…And more often than people think. Just days after the President offered up more of our coasts to the oil industry, an oil pipeline operated by Chevron Pipe Line Co leaked at least 18,000 gallons of crude oil into the Delta National Wildlife Refuge in Louisiana.
This is another example of how dangerous exposure to an oil spill can potentially be to coastal wildlife and habitat, in a national wildlife refuge no less. Spills happen at every stage of oil production. Whether it is from drilling, pipelines, tankers, or refineries; a spill can occur at every stage of the oil production process. Then when we burn the oil, it contributes to climate change.
Big Oil would have us believe that spills are a thing of the past thanks to modern technology. Unfortunately, the facts play out otherwise. Oil spills are not rare occurrence. Almost one million gallons of oil enter the oceans of North America every year through extraction activities alone.
Transportation and spills, as we saw this week, add to that figure. Oil is particularly damaging to marine mammals, seabirds, and sea turtles which can become coated in and ingest oil; leading to organ failure, genetic mutation, immune system failure, anemia, brain lesions, cancer, starvation and death.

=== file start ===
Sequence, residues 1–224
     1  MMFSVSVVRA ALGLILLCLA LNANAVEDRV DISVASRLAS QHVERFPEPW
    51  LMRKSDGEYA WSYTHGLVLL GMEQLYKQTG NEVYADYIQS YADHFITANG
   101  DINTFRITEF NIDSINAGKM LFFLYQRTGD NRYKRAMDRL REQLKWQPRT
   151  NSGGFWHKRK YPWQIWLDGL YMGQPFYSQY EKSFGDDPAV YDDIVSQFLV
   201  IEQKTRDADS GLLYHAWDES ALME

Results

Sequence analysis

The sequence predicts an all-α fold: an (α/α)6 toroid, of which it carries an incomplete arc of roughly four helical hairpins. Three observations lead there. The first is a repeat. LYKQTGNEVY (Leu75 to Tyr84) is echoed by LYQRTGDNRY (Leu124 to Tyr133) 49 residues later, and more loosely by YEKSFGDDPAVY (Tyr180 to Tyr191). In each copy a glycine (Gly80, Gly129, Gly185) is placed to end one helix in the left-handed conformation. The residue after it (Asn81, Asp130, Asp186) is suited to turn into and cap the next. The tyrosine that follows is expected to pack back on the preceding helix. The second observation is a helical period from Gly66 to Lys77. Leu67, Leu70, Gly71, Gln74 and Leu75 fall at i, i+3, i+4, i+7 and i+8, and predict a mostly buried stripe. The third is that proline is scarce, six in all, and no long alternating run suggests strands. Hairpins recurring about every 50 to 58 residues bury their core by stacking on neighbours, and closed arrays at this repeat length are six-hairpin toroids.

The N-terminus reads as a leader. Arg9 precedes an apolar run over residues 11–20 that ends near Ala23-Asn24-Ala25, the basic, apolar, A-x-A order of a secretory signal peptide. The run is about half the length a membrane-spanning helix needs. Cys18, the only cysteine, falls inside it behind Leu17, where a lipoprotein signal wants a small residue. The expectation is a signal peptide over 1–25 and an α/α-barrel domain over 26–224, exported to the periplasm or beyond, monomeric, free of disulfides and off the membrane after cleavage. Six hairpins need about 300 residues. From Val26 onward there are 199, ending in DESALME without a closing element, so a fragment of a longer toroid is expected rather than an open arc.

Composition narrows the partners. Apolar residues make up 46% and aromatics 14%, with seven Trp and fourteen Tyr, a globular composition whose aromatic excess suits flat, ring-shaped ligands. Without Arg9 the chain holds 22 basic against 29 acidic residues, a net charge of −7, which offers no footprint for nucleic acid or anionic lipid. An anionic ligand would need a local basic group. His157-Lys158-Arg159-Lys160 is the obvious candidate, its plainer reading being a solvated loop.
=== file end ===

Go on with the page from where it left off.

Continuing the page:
Offshore drilling not only threatens valuable coastal and marine habitats, it also threatens coastal tourism and commercial and recreational fishing, both of which are multi-billion dollar industries valuable to our nation’s economy.
If Big Oil can gain access to some of the most abundant coasts and oceans as well as some of the most beautiful and oft-visited beaches in America, what is to stop an oil spill from endangering the Jersey Shore, Cape Cod, Chesapeake Bay, Long Island Sound, Florida’s beaches, Georgia’s Sea Islands or the Outer Banks? The list goes on.
Last week, President Obama forged ahead with a policy for expanding offshore oil drilling off of our coasts.
Please remind him why such a policy is the wrong choice for a clean energy future, energy security and our coasts and oceans.
Matt Niemerski is an Ocean Advocate at Oceana.